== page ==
And within scenes themselves, there is often clever use of the perspective (cutscenes remain within the isometric viewpoint) in order to establish blocking and scene composition. Frankly, the writing and accompanying production values of Desperados III outstrip many games whose entire focus is on a deep, emotional narrative.
Those of you who played Shadow Tactics: Blades of the Shogun will feel right at home with Desperados III. For those of you who haven’t, a quick primer: gameplay typically consists of taking control of and issuing orders to a small group of characters, each one with a unique set of tools and abilities they can use to distract, lure, or neutralize targets.
Cooper fills a very similar role to that of Hayato in Blades of the Shogun, being the all-around stealth character that serves as a midway point between light, subtle characters like Kate and mountains of muscle like Hector who can haul two corpses and still proceed at a brisk jog. Each filling out a specific role, these characters are fun and unique to play, and it’s continually rewarding to combine and coordinate their abilities.
The most climactic instances of teamwork and coordination occur in Showdown Mode. On Normal difficulty, Showdown Mode pauses the game, allowing you to issue orders to each character, setting up an intricate mousetrap of murder and mayhem. There’s nothing quite as satisfying as meticulously constructing a surprise attack, then watching as enemies are shot, stabbed, poisoned, or otherwise butchered in a matter of seconds. The sheer number of abilities at your disposal, paired with environmental interactions and Showdown Mode, makes for an engaging, absorbing stealth experience that encourages forethought and experimentation.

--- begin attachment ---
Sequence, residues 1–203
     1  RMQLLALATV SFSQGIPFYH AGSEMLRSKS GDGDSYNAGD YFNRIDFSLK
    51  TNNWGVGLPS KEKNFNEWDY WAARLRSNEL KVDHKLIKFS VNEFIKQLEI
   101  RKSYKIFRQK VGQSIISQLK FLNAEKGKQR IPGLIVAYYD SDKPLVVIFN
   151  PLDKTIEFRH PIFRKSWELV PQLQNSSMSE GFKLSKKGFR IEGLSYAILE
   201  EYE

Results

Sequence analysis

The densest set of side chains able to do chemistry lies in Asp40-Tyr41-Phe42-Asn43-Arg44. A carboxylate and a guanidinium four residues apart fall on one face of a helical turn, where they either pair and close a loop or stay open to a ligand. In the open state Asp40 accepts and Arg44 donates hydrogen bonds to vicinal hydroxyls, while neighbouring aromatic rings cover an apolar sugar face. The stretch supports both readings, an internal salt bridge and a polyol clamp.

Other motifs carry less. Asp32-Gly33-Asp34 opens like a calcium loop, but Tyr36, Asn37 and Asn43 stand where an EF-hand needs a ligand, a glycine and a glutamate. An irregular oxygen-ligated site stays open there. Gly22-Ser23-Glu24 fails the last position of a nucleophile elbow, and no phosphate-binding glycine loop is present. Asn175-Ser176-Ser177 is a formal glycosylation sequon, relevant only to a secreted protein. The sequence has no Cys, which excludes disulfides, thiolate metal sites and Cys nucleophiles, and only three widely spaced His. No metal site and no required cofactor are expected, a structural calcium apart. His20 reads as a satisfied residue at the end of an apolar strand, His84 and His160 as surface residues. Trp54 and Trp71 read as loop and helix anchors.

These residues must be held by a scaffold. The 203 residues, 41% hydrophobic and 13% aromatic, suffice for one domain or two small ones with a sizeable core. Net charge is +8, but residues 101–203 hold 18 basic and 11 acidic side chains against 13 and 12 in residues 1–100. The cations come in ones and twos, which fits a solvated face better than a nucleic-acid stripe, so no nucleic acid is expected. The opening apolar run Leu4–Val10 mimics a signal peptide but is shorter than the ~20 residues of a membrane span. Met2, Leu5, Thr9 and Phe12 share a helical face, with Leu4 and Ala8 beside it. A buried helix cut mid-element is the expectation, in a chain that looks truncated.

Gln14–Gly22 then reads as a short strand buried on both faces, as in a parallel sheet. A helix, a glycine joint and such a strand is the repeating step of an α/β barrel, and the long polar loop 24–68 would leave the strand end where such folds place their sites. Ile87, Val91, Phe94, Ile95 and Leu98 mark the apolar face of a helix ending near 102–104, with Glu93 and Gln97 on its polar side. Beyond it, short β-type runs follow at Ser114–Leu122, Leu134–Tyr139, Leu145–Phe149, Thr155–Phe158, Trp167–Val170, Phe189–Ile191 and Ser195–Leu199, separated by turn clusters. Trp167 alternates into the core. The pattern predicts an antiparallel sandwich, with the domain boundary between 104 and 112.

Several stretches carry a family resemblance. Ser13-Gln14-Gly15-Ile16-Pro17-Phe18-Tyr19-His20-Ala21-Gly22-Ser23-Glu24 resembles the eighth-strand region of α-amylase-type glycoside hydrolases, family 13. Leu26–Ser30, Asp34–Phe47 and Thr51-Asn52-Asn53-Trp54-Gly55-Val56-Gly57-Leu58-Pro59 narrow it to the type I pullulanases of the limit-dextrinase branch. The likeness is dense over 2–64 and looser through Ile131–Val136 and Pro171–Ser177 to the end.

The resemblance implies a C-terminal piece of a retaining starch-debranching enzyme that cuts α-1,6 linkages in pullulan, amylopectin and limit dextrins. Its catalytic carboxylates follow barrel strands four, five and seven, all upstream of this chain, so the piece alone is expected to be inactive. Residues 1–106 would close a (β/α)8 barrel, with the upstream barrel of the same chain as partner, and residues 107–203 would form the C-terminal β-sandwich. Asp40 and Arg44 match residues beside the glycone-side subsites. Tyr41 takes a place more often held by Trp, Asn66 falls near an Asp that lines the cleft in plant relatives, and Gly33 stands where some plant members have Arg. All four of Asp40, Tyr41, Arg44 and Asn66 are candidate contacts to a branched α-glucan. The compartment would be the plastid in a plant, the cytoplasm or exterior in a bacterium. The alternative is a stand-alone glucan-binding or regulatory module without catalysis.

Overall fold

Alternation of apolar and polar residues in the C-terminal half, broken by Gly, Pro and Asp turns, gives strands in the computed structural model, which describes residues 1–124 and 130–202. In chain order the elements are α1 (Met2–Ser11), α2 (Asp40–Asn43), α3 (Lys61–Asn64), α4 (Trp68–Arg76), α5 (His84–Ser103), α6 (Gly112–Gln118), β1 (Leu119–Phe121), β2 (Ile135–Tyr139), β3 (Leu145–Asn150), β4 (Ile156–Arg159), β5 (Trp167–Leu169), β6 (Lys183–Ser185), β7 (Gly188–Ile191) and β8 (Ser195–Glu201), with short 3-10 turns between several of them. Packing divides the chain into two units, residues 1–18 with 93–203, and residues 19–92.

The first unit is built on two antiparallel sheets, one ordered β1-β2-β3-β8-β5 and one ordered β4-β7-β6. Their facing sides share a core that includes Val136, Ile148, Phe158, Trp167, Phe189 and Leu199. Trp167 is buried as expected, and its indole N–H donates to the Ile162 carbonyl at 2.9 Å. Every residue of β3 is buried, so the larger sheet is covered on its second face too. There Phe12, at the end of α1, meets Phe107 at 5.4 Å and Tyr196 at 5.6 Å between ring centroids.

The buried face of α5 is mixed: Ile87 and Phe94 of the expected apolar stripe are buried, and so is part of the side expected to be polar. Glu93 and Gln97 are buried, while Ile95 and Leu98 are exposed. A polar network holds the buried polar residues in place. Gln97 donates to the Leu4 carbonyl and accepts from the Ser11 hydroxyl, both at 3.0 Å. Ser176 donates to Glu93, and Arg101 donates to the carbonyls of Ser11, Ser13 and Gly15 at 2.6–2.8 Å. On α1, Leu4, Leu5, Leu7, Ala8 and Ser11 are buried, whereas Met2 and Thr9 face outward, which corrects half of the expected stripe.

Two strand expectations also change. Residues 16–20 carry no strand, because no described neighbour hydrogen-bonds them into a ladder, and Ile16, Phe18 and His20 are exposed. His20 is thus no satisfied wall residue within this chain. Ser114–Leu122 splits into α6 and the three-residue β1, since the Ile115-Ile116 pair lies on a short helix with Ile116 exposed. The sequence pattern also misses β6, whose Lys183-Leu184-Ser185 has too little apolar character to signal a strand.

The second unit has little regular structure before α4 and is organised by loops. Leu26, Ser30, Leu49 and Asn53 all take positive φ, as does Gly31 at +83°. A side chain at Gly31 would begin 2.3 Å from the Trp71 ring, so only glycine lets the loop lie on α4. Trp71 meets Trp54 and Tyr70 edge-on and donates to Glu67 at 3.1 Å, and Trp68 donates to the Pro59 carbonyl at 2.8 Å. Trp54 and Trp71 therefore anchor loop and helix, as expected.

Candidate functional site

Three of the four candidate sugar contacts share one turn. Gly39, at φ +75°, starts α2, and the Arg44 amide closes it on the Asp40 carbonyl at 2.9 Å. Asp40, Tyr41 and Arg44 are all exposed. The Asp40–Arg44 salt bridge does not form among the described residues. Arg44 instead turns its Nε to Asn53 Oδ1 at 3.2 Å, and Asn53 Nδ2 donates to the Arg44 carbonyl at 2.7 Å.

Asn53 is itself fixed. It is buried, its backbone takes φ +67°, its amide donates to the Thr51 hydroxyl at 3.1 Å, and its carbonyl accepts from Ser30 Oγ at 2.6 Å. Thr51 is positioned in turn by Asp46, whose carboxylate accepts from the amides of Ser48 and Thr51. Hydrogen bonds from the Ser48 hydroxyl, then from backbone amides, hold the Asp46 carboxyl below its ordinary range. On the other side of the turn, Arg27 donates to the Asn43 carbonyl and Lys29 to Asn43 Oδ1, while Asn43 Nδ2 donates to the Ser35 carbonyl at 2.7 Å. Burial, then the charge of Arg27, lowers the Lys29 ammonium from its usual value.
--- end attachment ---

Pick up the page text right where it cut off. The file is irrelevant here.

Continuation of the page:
As for the level design, it’s creative and expansive and evocative. Classic Western locations like frontier towns, homesteads, and railroads are on full display, and it’s fun to see how the devs take the inherent dangers of the time (dynamite lying around, the near-constant presence of huge animals, precarious construction and mining equipment, etc.) and turn them into murderous implements for the player to discover and delight in.
One moment that delighted me: in disguise, I had Kate lure one guard over to an ox, which Cooper pissed off by flipping a coin onto its back, resulting in the wonderfully horrific goring of the guard. It would be enough to have either moment like that or a compelling story. Luckily, we don’t have to choose between them, because Desperados III charges out with its superb narrative and gameplay like a pair of guns blazing.
Zoom Out: Verdict
Stealth Mechanics - 9/10
Level Design - 9/10
Narrative and Characters - 9/10
Audiovisuals - 9/10
Desperados III is the whole package for anyone who’s itching for some tactical stealth action that’s basically set in a Hollywood Western. If that sounds strangely specific, I’d only recommend that you give it a good shot. Mimimi has delivered a cast of fun, likable characters, a rash of huge levels jam-packed with satisfying stealth puzzles, and a profoundly enjoyable framework for its tactical stealth mechanics.
- Mechanically delightful
- Great level design
- A fun Western tale, well-told
- Some annoyances with character pathfinding
- A few instances where controls are imprecise or clunky
- Some derivative plot elements